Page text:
In the No Surprises Act, the Biden administration included a payment resolution method.
The Biden administration released details on the payment dispute resolution mechanisms under a legislation that prohibits surprise medical billing on Thursday.
The Departments of Health and Human Services, Labor, and Treasury, as well as the Office of Personnel Management, published an interim final rule to implement the No Surprises Act, which provides a payment dispute resolution process for people who are uninsured or self-pay.
The final regulation also contains a method to protect consumers from payment disputes between providers and health plans, as well as requirements for healthcare cost estimates for uninsured or self-pay persons and enhanced external review powers.
HHS Secretary Xavier Becerra stated, “No one should have to go bankrupt because of a sudden medical charge.” “With today’s rule, we’re carrying out President [Joe] Biden’s Competition Executive Order by fostering price transparency and exposing inflated health-care costs,” the White House said. Our mission is straightforward: to provide Americans with a better bargain through a more competitive health-care system.”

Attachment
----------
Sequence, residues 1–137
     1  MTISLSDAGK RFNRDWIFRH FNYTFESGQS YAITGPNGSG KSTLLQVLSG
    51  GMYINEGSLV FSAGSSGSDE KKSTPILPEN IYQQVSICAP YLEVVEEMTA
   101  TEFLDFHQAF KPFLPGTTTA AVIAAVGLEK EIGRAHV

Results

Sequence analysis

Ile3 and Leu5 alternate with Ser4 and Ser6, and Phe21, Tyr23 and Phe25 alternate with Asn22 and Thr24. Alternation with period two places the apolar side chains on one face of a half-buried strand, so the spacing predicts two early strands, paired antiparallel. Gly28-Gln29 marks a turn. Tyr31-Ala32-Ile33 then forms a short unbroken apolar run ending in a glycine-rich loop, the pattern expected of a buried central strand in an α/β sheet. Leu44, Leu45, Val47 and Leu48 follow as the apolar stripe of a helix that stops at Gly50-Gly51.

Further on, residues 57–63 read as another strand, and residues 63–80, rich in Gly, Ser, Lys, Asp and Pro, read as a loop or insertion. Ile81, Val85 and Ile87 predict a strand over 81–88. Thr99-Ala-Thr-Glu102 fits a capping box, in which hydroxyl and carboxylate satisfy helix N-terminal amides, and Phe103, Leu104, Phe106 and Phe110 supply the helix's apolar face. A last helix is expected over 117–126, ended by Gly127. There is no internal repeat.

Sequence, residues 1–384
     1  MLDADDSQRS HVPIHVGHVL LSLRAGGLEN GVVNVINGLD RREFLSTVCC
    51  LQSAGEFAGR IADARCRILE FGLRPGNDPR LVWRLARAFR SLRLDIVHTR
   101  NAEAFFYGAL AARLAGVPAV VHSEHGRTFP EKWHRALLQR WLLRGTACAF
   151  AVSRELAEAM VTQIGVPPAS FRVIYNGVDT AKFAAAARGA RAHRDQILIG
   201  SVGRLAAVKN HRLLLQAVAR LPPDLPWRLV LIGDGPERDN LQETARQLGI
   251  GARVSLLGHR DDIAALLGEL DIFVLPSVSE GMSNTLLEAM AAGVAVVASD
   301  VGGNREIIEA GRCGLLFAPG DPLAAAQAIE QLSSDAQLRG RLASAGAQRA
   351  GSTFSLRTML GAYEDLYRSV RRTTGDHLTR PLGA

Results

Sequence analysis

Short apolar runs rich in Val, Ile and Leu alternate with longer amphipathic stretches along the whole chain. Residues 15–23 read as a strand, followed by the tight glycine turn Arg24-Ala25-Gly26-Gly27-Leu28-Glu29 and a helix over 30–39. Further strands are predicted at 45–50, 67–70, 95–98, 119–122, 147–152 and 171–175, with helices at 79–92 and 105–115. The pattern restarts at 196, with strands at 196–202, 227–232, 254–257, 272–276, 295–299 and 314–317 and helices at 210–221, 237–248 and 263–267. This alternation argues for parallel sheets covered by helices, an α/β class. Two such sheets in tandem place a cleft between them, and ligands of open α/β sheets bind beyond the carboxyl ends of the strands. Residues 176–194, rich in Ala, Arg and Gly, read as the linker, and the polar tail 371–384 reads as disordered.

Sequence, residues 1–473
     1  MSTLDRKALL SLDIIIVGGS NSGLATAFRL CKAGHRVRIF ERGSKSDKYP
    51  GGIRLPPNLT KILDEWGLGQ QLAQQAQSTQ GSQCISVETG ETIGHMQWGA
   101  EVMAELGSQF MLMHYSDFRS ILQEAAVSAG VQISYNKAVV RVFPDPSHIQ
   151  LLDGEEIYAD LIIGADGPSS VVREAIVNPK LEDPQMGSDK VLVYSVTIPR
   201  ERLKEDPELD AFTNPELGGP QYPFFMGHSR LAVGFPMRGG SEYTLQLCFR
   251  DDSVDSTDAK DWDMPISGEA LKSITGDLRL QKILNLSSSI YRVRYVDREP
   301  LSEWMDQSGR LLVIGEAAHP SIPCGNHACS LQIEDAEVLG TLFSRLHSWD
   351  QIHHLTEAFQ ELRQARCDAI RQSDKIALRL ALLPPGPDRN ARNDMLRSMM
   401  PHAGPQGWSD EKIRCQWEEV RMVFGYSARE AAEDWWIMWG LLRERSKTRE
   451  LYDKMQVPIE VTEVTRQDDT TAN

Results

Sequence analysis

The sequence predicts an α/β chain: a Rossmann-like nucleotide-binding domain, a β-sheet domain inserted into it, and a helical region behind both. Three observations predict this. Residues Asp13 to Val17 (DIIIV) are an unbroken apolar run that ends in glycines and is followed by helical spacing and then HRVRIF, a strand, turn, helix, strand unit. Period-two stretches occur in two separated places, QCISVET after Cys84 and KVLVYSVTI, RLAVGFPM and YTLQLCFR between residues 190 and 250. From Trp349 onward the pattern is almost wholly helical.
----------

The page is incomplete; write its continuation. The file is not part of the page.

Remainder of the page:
The No Surprises Act, which was signed into law last December, prohibits hospitals from charging consumers for out-of-network care without warning.
The administration has already enacted two previous rules relating to the law, one earlier this month to assist in the collection of data on the air ambulance provider industry and the other in July to safeguard consumers from unexpected invoicing.
The rules will all go into force on January 1, 2022.
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